20. Just shared this with my mom who will find it really useful. Thank you so much for this

  21. I never thought about this actually. My friends has their own 2 cents regarding the matter. Vitamin D is absolutely important.

  22. Vitamin D deficiency is a serious concern. Glad that you could figure out your problem and are taking steps to make it better!

  23. Anxiety linked to vitamin D deficiency? I admit that I did not know this connection, but I am always open and interested in finding out more. Health is an important thing.

  24. Now I learn so much from your post. I didnt take vitamin D but try to stay under the sun during the morning.

  25. That is an interesting point. I have a deficient in Vitamin D and anxiety. I should look more into this.

  26. Wow,that’s a very informative post,I could’nt really imagine how that was connected but I believe it,as well as having hyperthyroidism can be due to lack of iodine. Thanks! I guess I have to add Vitamin D to my daily supplements.

  27. I take Vitamin D daily and it does help. I spend a lot of time indoors as well and don’t get enough exposure to natural Vitamin D.

  28. I’ve heard that a Vitamin D deficiency can screw up a lot of stuff. I believe it can be linked to anxiety, makes perfect sense to me. That’s why I use my light therapy in the winter season here in NH.

  29. Heather,
    I am so happy you dug deep and deeper to get to the root, though it took you years.
    I really can associate with your work you had to do to discover, to find, to pinpoint to the problem’s root.
    Hugs, my awesome Hero. Love the post and the info that will help someone else out there looking for answers.

  30. I found myself on a similar boat years ago with our firstborn. I wasn’t taking in the right vitamins and felt my body go through some changes. Since then, I’ve been on top of my vitamin intake.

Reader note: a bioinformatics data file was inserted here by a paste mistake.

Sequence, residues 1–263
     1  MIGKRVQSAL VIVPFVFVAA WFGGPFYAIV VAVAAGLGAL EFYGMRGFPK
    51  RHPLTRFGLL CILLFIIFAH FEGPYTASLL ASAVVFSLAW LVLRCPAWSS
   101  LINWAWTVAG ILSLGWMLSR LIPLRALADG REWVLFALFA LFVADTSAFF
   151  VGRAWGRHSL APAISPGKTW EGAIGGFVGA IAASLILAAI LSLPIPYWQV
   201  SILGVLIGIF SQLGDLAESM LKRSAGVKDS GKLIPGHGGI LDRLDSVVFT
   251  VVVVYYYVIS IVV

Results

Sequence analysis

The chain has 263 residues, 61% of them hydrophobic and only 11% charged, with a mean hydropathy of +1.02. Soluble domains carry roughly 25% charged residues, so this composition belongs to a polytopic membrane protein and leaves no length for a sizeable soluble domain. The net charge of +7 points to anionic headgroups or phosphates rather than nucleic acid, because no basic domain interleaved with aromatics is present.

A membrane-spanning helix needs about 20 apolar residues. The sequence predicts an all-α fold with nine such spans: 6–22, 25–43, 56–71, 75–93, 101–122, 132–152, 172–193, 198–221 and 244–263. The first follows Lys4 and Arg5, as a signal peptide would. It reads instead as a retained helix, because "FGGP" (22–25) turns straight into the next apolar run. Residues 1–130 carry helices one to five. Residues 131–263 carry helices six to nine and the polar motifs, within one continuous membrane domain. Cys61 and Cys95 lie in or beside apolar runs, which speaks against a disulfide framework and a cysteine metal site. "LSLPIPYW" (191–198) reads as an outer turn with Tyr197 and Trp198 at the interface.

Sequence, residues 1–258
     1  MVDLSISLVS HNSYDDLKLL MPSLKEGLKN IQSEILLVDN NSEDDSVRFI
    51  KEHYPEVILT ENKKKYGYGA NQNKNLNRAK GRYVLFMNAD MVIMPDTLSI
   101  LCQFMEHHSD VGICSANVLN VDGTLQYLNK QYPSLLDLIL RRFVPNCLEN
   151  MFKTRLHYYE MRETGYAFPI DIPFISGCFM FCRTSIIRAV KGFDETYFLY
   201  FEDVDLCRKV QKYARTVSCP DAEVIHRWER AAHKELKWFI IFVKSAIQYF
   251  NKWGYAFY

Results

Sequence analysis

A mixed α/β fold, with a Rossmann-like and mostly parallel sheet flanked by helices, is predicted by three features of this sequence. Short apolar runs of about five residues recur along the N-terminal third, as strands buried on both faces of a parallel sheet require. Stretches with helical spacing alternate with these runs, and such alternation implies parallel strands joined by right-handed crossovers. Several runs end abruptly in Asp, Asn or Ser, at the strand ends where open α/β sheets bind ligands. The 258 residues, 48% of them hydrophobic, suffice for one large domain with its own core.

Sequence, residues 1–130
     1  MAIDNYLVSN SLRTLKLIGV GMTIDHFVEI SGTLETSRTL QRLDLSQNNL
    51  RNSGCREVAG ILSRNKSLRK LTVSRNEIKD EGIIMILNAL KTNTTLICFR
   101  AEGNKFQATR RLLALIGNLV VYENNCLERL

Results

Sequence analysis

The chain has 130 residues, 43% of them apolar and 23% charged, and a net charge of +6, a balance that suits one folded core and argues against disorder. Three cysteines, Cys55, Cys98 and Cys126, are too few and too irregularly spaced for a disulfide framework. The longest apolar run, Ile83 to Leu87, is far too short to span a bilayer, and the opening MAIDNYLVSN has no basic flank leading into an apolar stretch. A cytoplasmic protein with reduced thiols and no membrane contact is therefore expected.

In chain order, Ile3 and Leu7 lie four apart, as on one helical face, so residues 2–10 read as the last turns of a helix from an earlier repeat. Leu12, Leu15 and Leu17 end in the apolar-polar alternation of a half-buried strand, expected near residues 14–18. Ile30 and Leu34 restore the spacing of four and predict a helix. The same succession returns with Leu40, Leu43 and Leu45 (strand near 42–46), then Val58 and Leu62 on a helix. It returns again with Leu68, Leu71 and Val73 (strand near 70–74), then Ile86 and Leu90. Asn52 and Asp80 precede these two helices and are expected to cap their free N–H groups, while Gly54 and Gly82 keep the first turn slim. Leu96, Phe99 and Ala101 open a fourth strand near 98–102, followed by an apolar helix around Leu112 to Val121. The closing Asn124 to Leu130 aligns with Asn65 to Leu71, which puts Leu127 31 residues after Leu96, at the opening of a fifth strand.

31. I actually have a referral for labs sitting on my kitchen counter. I am curious to see if I have a Vitamin D deficiency. My anxiety has been so bad lately.

    1. Post
      Author
  32. I have been reading a lot about supplements lately. I just started taking some D and B vitamins and have noticed an increase in energy so far.

  33. I do believe there is a link. We need the sun’s vitamin D so when we can’t be outside we need to make sure we supplement.

    1. Post
      Author
  34. Oh wow! I had no idea that vitamin deficiency of any kind could contribute to anxiety. I think this is going to help a lot of people.

  35. I would have never made a connection between anxiety and vitamin D deficiency. I emailed your post to a family member who suffers from anxiety.

  36. This is a fascinating article, I deal with this myself sometimes and have wondered what I can do to help improve my mood. I know I get low on iron sometimes but never thought about Vitamin D, I will have to work some into my diet and see if things chance. Thanks for writing this up.

  37. I don’t suffer from anxiety, but I do know that when my Vitamin D levels are low, I struggle in a lot of areas of my life. I’m super proactive about taking Vitamin D and spending time outdoors every day. It makes a huge difference! I’m glad you’re finding answers!

  38. Very interesting post on vitamin D deficiencies and links to anxiety. Thanks for sharing! I try to keep up with my vitamins.

  39. This is my first time hearing this. It’s amazing how many disorders can be linked to a nutritional cause.

  40. I believe it. I also have seen friends who are vitamin D deficient become depressed. It is amazing what the sunshine vitamin can do. I also hope that your post give more people a better understanding of their bodies. Thanks for sharing.